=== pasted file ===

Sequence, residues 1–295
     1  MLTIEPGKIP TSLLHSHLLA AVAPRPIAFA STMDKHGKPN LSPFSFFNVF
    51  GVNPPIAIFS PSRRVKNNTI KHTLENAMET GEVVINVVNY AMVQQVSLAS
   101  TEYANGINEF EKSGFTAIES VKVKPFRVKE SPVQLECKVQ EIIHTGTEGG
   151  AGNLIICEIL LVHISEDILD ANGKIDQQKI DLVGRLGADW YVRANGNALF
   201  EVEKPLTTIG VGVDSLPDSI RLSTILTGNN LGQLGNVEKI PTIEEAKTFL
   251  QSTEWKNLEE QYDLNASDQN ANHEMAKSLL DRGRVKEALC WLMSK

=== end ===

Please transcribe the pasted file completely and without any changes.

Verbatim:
Sequence, residues 1–295
     1  MLTIEPGKIP TSLLHSHLLA AVAPRPIAFA STMDKHGKPN LSPFSFFNVF
    51  GVNPPIAIFS PSRRVKNNTI KHTLENAMET GEVVINVVNY AMVQQVSLAS
   101  TEYANGINEF EKSGFTAIES VKVKPFRVKE SPVQLECKVQ EIIHTGTEGG
   151  AGNLIICEIL LVHISEDILD ANGKIDQQKI DLVGRLGADW YVRANGNALF
   201  EVEKPLTTIG VGVDSLPDSI RLSTILTGNN LGQLGNVEKI PTIEEAKTFL
   251  QSTEWKNLEE QYDLNASDQN ANHEMAKSLL DRGRVKEALC WLMSK